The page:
June is typically a month when business figures attract declining attention. Office staffs thin out, and vacation time distracts readers from their daily following of the TSE, and the Dow.
Having said that, May figures and early June figures continue to be encouraging. Here’s a summary of what matters to us right now.
The labour market took a strong uptick in May, according to StatsCan on June 9; May figures showed 77,000 new full-time positions. After declines in other categories, the net gain was still a robust 54,000 jobs.
BC, Ontario and Quebec enjoyed the largest job gains in May. Kelowna’s unemployment rate was 4%, down from 4.8% in April. The national unemployment rate was 6.6%, and the BC unemployment rate was 5.6% in June.
These numbers are good news for Kelowna, and could result in new in-migration of workers looking for employment. Summer and youth employment boosted the numbers: 38,200 young people began full-time work in May, leaving the youth unemployment rate at 12%. By sector, the gains were highest in services, factories and manufacturing.
The Central Okanagan Economic Development Commission tells us that in the first quarter 2017 the labour force increased 4.5% over Q1 2016; and the unemployment rate decreased by 15% over the same period in Kelowna.
Some other Kelowna numbers from the COEDC for Q1: housing starts up 27%; building permit values up 6.1%; business licenses up 15.4%; airport passengers up 8.7%; household income up 2.1%; median home price up 15%; and average rent, up 6%.
June’s annual inflation rate index announcement came out June 23. Weaker gasoline price growth slowed the annual inflation rate to 1.3% for May according to StatsCan, down from April’s 1.6%. Pump prices and natural gas both rose in April (15%-16% range), but rises are half that as summer arrives.
While fresh food prices are tipped to drop in the summer, a new report Dalhousie Universityreleased June 19, runs counter to StatsCan’s forecast, saying food prices will rise, especially meat, in the 7%-10% range. Lower Hydro rates in Ontario are depressing inflation rates across the country.
Amid all the provincial governmental changes, it’s interesting to enlarge our perspective and look across the pond to Europe. The June election in the UK shattered some long-held expectations of how BREXIT would unfold.
And, as Hendrik Brakel, Senior Director, Economic, Financial & Tax Policy of the Canadian Chamber of Commerce said last week, “Poor Europe!” Years of economic stagnation. Austerity. Costly government bailouts. Banking crisis after banking crisis. And yet: moderate leaders were elected in the face of surface unrest in Austria and Holland, and in France, the Moderate Macron won by 30%.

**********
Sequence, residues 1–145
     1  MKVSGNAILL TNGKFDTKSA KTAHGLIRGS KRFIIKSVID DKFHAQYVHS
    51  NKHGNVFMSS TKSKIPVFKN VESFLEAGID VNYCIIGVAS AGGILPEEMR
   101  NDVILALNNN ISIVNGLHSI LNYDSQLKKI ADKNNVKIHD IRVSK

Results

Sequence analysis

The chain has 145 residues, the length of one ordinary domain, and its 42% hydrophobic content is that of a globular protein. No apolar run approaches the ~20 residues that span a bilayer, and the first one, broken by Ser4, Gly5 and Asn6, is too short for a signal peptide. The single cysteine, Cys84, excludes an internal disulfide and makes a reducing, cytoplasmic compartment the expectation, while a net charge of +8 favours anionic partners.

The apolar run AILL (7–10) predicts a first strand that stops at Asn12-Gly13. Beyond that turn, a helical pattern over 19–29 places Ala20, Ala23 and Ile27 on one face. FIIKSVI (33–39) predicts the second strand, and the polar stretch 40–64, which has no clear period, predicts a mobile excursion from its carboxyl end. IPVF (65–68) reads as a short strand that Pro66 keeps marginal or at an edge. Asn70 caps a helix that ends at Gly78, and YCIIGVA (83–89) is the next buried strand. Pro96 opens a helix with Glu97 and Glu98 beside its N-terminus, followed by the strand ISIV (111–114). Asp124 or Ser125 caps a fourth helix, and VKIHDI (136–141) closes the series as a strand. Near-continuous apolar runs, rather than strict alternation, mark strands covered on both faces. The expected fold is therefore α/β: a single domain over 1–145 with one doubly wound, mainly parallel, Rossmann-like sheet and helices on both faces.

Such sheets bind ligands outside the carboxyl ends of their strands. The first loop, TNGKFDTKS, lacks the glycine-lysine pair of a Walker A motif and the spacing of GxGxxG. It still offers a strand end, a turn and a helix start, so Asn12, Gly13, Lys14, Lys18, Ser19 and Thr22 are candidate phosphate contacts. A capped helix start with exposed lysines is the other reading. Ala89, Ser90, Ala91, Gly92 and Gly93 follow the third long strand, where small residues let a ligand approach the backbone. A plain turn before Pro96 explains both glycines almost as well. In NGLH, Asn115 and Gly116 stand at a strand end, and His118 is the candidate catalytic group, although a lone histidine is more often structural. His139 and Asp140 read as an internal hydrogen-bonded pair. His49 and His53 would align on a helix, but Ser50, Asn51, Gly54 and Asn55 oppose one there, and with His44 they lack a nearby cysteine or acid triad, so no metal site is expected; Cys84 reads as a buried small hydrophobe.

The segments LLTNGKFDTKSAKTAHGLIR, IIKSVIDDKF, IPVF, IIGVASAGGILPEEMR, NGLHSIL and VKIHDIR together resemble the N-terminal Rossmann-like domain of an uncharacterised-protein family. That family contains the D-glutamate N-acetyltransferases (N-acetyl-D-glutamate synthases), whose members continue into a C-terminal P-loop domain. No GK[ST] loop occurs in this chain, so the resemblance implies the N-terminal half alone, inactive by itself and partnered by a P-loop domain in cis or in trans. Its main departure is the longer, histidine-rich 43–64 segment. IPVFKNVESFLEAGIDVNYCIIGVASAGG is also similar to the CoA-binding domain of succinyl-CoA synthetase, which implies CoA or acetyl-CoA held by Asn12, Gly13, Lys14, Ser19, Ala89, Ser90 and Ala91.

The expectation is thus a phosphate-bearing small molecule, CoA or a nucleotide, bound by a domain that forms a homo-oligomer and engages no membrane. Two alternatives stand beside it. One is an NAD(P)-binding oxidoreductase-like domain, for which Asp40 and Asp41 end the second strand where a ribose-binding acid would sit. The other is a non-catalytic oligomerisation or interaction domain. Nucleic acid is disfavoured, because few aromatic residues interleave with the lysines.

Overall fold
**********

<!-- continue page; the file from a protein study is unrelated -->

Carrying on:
It’s notable that all 28 members of the EU saw growth last year, and predictions are for a continuation of growth through 2018.
Meanwhile, still overseas, consumer confidence levels peaked at the highest level since 2007. And who is investing in Europe? Well, Hudson’s Bay for one: $570 million in Europe this year, targeting sales growth of 20%. Some of Canada’s fastest growing export markets are now in Europe, as opposed to the US and Asia. Canadian businesses are also investing more in Europe. Total sales by Canadian owned companies in Europe – so far in 2017 – exceeds $100 billion. Wow.
On the interest rate front, the US rate went up again June 14th, for the third time this year. The Fed voted to raise US interest rates to a range of 1% to 1.25%. That’s a quarter-point move, and exactly what Wall Street expected. The Fed also stuck to its forecast of one more interest rate rise in 2017.
The Canadian rate will be announced on July 13, and currently is forecast to be unchanged again, at .5%, where it has sat since July 2015. BOC has not raised rates in nearly seven years. Analysts are split on hike forecasts: some see it happening later in 2017, given that bond interest rates were raised in June; prior to that, forecasters were still seeing 2018 as a target. Crystal ball required.
In the June 8 Financial System Review from the Bank of Canada, Stephen Poloz called the financial system “resilient”, even though household vulnerabilities continue to move higher, with more uninsured mortgages on properties over one million dollars value, and increasing home equity lines of credit especially in Toronto and Vancouver.
Senior BOC Deputy Carolyn Wilkins said on June 12, in an address to the Asper School of Business in Winnipeg, that “There are encouraging signs that growth is broadening across regions and sectors, with the adjustment to lower oil prices largely behind us. While broad-based growth is desirable,” said Wilkins, “it’s not under the direct control of monetary policy, and it’s not our objective. We target a 2 per cent inflation rate.” And the loonie immediately gained $.75 on the news.
‘What is encouraging is that… data show that more than 70 per cent of industries have been expanding and the labour market continues to improve,” concluded Wilkins.
Meanwhile, I am delighted to be firmly in place at the Kelowna Chamber as of June 5th. I’m going to be spending the summer getting to know our Kelowna business members on a face-to-face basis, and exchanging information with board members and staff so we’re all working to execute our strategic plans over the next while.
Business Examiner monthly article contribution by Dan Rogers, Kelowna Chamber of Commerce Executive Director